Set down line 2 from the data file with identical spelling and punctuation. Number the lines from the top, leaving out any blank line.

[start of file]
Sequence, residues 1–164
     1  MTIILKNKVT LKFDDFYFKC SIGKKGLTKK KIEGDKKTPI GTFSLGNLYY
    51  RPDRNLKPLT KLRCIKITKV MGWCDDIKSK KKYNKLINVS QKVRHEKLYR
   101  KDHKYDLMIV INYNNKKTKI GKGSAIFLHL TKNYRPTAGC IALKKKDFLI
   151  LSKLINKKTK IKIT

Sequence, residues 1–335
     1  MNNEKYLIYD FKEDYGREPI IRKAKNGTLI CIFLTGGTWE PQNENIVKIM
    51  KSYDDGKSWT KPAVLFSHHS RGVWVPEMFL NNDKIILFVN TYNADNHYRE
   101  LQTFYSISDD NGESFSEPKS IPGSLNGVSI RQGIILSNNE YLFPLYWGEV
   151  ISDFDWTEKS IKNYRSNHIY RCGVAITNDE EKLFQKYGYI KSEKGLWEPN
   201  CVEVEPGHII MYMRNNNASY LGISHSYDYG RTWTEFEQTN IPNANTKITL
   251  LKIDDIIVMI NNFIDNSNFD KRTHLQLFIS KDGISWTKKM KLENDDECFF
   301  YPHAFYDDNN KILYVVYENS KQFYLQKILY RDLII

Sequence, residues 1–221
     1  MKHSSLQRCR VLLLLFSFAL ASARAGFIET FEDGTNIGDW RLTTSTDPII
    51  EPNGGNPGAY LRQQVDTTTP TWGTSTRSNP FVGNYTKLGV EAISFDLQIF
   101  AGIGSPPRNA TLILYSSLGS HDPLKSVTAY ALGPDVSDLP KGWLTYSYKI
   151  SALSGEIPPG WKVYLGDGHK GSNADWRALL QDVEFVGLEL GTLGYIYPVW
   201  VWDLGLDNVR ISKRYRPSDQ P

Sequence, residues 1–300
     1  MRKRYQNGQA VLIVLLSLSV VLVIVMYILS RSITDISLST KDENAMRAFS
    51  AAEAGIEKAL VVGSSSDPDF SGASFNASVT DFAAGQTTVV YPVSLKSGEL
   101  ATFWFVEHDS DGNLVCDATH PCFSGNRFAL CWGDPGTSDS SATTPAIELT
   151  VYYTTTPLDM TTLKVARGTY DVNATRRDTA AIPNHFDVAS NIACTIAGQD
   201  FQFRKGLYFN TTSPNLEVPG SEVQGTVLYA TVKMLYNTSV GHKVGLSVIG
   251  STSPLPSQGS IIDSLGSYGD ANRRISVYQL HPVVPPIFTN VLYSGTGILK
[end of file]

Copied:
     1  MTIILKNKVT LKFDDFYFKC SIGKKGLTKK KIEGDKKTPI GTFSLGNLYY